Now hold on there, matie! Basic economic theory says more supply than demand, prices will fall, right? Well take a look at this graph. It shows the absorption rate of single family home listings from January 2006 through December 2008 plotted against median prices (click to make it bigger):
“Absorption” is basically the number of weeks it would take to sell all the homes available on the market based on the number of homes that are selling at that time. (I’ve tweaked the formula to diminish the spikes caused by the huge seasonal dropoff in new listings each December/January.) There are many ways to calculate absorption, but the basic idea is simply to capture how quickly demand is eating supply. Less time to absorb the supply should reflect a “hotter” market where sellers can demand top dollar. A higher absorption rate, on the other hand, means that there’s relatively more listings on the market than demand for them. That would tend to suggest a buyer’s market and softer prices.
In the chart above, we’d expect to see median prices rising when the Absorption Rate line falls and median prices falling as the Absorption Rate line rises. ie. an inverse correlation.
Well, I’ve looked at this chart long and hard and I just don’t see those lines moving that way at all. In fact I’ve looked at similar data as far back as 2002 and the only thing that’s clear is that people forget about buying or selling a home at the end of the year. Look at 2006: the market got tighter but prices stayed pretty flat. In 2007, stuff was being absorbed more slowly (the red line goes up), but prices went up anyway. In 2008, you’d think that with only two weeks of supply available, home prices would be skyrocketing. Obviously that aint happenin’.
I’m not an economist or a statistician, but I did get my dear wife, who eats statistics for breakfast, to check my methodology. I think these results are quite counter-intuitive. Here are the explanations I can think of. Please chime in with your own:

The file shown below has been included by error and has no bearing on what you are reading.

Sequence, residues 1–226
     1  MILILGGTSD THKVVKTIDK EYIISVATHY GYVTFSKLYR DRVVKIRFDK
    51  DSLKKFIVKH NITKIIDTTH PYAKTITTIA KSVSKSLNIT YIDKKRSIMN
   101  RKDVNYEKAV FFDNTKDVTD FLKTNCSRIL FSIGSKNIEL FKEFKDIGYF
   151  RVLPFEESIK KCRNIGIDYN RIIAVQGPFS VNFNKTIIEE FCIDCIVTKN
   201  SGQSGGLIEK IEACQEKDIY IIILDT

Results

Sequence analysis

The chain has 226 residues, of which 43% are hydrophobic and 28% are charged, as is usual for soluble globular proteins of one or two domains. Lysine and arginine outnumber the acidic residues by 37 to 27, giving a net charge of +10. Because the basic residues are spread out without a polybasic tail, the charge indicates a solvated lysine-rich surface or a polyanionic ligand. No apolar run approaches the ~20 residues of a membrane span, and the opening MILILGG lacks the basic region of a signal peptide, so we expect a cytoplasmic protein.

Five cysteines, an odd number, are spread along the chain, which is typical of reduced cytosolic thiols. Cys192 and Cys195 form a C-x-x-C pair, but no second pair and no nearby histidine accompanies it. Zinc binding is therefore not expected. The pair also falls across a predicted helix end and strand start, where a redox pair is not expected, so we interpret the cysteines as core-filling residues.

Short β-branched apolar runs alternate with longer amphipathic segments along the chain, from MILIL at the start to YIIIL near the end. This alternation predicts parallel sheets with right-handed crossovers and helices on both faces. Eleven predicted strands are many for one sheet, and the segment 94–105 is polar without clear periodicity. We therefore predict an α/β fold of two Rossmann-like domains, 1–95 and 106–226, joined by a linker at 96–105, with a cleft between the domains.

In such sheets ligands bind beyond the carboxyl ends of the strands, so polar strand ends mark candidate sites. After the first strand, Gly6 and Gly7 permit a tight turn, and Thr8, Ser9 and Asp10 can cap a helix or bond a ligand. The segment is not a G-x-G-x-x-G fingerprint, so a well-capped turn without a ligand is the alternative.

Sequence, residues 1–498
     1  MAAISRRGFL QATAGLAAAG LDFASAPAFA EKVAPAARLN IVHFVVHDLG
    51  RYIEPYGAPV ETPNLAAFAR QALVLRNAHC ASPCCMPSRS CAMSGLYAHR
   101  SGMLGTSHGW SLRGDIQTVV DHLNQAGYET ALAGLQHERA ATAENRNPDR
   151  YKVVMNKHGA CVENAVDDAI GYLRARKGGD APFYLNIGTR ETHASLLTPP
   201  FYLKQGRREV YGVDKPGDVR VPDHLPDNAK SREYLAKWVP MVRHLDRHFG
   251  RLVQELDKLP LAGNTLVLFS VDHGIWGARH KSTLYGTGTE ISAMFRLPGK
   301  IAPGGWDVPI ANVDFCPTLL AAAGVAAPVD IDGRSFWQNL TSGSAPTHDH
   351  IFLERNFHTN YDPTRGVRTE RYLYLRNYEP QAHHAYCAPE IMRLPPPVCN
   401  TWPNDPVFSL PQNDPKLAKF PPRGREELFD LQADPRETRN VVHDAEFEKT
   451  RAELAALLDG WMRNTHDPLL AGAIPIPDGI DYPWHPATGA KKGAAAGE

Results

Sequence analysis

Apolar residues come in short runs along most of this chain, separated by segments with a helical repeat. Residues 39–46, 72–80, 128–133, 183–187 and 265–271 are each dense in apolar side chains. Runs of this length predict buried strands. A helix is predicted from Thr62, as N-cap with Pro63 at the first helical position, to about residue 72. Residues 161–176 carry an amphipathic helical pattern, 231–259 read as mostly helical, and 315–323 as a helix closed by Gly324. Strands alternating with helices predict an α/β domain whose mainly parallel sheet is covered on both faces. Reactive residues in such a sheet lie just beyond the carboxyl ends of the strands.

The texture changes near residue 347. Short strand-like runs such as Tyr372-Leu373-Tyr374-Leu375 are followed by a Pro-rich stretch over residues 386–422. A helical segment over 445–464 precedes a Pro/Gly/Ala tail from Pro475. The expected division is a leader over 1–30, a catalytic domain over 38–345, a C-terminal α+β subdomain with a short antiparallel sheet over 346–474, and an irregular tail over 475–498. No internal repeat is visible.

- If you cut off the peaks and troughs, the Absorption Rate mostly stays within a band of around 4 to 7 weeks. That suggests that supply/demand in San Francisco is actually pretty stable. And that in turn suggests that something else must be driving prices. Note, for example, that my chart doesn’t reflect the number of offers that are made on any particular house. There might be 10 offers on a house, but at the end of the day just one house gets sold. Anyone who was playing during the frenzies of 2005 – 2007 doesn’t need to be told how multiple offers affect price, but that sort of demand isn’t reflected in an absoprtion rate.
- Relatively speaking, San Francisco is not a stressed market. Supply/demand is not hugely out of whack. Foreclosures are not piling up (yet). Under these circumstances, prices are “sticky.” They don’t react quickly to changes in demand. If people don’t get the price they want, what do they do? They don’t sell unless they really have to. And SF home-owners tend to be people who don’t have to sell. More on this in another post.
- The price increases of the last few years and their recent tumble may are probably most directly attributable to one thing, pure and simple: easy money. That aint gonna show up on this graph either.
Conclusion: “Absorption” isn’t a good measure of supply/demand.
So is there any other metric that correlates more closely with changes in price? How about the famous “DOM” — Days on Market. This is how long a property takes to go from being listed to being sold. The theory goes that when properties sell quickly the market is “hot.” Why do properties sell quickly? Probably because … there’s more demand than supply. ie. More people making offers, more people getting the loans they need, more people willing to waive inspection contingencies and buy “as is” just to get the deal done. So maybe DOM actually does capture those muliple offers where the Absorption Rate just doesn’t.
So will DOM tell us how “hot” the market is and where prices are headed? Or is DOM dumb. Stay tuned….